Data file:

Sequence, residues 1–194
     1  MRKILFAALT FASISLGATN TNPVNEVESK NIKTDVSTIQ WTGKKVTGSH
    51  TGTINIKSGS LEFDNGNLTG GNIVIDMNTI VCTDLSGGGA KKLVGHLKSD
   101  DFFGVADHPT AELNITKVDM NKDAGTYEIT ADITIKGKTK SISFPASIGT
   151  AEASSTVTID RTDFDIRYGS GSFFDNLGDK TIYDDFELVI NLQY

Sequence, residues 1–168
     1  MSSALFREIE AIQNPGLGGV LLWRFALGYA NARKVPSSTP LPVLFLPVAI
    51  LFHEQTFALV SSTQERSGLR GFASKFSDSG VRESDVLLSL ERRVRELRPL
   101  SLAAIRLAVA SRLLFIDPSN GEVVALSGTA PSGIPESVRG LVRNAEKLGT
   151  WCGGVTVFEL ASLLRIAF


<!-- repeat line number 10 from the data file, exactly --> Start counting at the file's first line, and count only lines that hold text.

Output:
   151  WCGGVTVFEL ASLLRIAF